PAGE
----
Had a letter meant for former prime minister Indira Gandhi reached her hands, it could have resulted in a very different sequence of events, and declaration of Emergency may not have happened, reveals veteran jurist Shanti Bhushan.
The former Union Law Minister, in his book My Second Innings, reveals that an undelivered letter, which carried a crucial piece of advice for Gandhi, had the potential of averting a situation that led to the Emergency.
Bhushan, who had argued against Gandhi in the Allahabad High Court in the case for the setting aside of her election in 1975, writes that a wrong advice given to the former PM by her counsel S.C. Khare, who is the uncle of former Chief Justice of India V. N. Khare, led to the Emergency.
The wrong counsel given by lawyer Khare, according to Bhushan, was that Gandhi should stand in the witness box. Khare had felt that if such a powerful prime minister decided to appear before a junior judge of the high court, he would be so overwhelmed by her presence that he would not have had the courage to decide the case against her. However, it was a case of misjudging Justice Sinha, who stood up to the pressure and set aside Gandhi's election, which ultimately led to the imposition of Emergency.
Bhushan reveals that Gandhi's previous lawyer, the eminent advocate Kanhaiya Lal Misra, who had to step back because of failing health, had upon learning that she planned to appear in the witness box, written a letter to her asking her not to do so. He had sent the letter, on the morning of her court appearance, through his youngest son, but he was not allowed to meet her and the letter remained undelivered. “He had written to her not to make the mistake of appearing in the witness box and that even at this eleventh hour she should make some excuse for not appearing,” Bhushan writes.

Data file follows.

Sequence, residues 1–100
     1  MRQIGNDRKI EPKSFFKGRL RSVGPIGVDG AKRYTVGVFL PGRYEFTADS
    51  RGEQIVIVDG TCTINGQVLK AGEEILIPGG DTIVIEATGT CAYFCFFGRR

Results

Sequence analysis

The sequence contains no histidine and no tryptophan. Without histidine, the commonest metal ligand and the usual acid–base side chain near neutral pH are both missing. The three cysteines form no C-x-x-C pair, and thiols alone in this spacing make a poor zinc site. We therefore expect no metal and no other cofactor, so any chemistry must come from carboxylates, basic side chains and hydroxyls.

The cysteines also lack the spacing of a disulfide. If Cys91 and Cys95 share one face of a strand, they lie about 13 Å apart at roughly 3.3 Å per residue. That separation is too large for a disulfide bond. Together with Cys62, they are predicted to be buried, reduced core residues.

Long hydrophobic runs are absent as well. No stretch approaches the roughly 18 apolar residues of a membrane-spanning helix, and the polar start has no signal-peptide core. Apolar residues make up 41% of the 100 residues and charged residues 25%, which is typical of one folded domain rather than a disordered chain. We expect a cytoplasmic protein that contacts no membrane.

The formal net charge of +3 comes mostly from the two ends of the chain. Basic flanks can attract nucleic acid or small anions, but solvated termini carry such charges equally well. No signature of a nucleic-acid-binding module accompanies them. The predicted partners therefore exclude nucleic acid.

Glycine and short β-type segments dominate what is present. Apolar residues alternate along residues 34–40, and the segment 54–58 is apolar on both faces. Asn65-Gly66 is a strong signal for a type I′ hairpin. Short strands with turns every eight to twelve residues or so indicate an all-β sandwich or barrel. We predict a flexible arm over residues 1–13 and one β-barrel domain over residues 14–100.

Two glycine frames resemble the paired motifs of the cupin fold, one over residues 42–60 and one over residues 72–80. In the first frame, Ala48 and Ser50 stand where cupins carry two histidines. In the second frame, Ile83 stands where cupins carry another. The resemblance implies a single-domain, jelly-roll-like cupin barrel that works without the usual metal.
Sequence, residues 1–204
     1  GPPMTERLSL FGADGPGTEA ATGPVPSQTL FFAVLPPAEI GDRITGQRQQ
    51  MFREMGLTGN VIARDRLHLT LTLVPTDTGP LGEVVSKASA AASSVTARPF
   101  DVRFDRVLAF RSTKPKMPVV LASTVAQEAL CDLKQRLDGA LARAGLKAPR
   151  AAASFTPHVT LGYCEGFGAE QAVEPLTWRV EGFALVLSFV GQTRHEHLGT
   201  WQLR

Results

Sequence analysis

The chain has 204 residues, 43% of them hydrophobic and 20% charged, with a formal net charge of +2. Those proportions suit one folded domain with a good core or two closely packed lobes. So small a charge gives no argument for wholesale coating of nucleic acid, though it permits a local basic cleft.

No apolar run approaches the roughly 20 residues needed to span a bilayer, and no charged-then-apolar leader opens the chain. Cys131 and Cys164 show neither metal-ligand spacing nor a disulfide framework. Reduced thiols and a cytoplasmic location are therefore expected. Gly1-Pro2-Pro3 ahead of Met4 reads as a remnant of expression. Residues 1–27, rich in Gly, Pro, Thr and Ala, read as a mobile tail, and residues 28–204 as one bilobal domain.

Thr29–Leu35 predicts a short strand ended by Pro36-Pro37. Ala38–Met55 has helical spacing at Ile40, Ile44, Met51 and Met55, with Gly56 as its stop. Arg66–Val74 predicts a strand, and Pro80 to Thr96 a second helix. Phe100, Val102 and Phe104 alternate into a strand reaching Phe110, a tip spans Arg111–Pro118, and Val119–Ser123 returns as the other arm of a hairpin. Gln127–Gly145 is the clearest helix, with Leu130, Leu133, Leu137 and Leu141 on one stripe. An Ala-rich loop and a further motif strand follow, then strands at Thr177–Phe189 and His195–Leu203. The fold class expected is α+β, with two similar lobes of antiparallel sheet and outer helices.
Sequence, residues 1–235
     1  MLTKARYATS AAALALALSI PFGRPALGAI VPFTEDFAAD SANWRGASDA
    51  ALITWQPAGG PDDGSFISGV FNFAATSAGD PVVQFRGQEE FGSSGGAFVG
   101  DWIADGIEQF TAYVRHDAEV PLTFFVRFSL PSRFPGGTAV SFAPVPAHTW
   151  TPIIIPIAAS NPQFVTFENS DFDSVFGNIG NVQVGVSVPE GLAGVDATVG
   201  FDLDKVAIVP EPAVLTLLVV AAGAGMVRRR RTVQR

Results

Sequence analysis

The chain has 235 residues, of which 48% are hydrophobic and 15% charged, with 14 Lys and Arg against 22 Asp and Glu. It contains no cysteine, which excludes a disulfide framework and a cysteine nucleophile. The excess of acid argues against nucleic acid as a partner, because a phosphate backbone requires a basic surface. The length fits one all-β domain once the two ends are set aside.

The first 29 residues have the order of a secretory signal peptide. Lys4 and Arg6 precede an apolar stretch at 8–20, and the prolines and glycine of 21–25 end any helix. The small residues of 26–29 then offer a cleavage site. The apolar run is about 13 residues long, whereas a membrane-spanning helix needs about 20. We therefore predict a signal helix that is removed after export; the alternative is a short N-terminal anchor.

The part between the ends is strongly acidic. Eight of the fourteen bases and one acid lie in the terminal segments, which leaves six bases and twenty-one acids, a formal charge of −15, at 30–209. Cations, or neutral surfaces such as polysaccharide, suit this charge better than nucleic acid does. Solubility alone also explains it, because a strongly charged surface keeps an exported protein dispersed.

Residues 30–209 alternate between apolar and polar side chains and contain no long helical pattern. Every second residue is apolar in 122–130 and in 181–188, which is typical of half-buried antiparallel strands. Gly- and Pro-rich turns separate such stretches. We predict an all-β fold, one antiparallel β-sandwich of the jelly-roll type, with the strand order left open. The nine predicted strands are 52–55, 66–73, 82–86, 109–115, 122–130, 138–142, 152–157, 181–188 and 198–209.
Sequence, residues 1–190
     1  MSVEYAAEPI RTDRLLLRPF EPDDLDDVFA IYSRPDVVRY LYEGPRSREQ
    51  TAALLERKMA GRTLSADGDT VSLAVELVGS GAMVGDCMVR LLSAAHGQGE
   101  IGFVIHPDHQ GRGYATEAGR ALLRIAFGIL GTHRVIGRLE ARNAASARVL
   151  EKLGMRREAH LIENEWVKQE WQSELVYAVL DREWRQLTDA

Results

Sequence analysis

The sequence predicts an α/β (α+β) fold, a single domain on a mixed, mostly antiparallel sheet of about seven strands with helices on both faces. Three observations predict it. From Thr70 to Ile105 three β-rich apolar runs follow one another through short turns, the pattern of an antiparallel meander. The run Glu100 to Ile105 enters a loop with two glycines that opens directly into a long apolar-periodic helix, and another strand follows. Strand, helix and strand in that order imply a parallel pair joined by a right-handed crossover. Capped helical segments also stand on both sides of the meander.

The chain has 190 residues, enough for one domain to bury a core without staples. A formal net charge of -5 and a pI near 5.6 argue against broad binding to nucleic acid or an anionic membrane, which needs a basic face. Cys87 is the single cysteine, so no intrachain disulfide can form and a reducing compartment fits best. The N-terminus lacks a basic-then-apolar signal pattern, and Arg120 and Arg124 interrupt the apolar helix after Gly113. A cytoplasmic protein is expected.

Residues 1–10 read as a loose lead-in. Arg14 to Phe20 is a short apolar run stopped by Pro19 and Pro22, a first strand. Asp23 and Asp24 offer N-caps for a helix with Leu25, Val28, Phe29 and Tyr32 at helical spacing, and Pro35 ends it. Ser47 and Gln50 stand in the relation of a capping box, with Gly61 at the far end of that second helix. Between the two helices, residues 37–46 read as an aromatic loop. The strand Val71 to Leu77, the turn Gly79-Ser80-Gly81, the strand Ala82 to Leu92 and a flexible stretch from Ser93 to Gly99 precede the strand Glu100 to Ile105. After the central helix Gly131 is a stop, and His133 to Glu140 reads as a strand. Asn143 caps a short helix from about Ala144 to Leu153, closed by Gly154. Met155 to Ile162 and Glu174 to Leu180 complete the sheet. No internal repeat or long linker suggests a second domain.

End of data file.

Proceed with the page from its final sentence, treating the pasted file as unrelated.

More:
The veteran lawyer also writes about his tryst with the Aam Aadmi Party (AAP). The decision to form the party was taken at his Noida residence, and he had provided the AAP with seed funding of Rs one crore.
Bhushan, who along with his son, senior advocate Prashant Bhushan, had a bitter fallout with Kejriwal, resulting in their exit from the party, says he made a grievous mistake in judging the character of the AAP convenor. He notes that Kejriwal is intelligent and sharp, and most importantly, understands the public mind, and he had in the beginning felt that he was a selfless person devoted to good causes.
He, however, writes, “It has now become clear that although he has some qualities, he lacks integrity... In plain English – Arvind Kejriwal betrayed all the core principles of AAP.”
Bhushan feels that Kejriwal made two “colossal mistakes” when he decided to contest against Narendra Modi from Varanasi. The first was that he resigned as chief minister of Delhi, and the second was to stick to Varanasi alone rather than going to other states also to campaign for at least a couple of days in each state. He says the “impulsive decisions” cost the party big time. “Later, he came to my house and apologised for his mistake of resigning.”
He also reveals that in the Varanasi election, while Yogendra Yadav, who was also one of the founding members of AAP before he too parted ways, was clear that Kejriwal was losing by a couple of lakh votes to Modi. Kejriwal was somehow convinced that he was winning hands down. “...he, therefore, decided to visit Varanasi at the time of counting with the intention of celebrating his victory by a huge victory procession.”
My Second Innings
by Shanti Bhushan
Published by Rupa
208 pages; Rs 595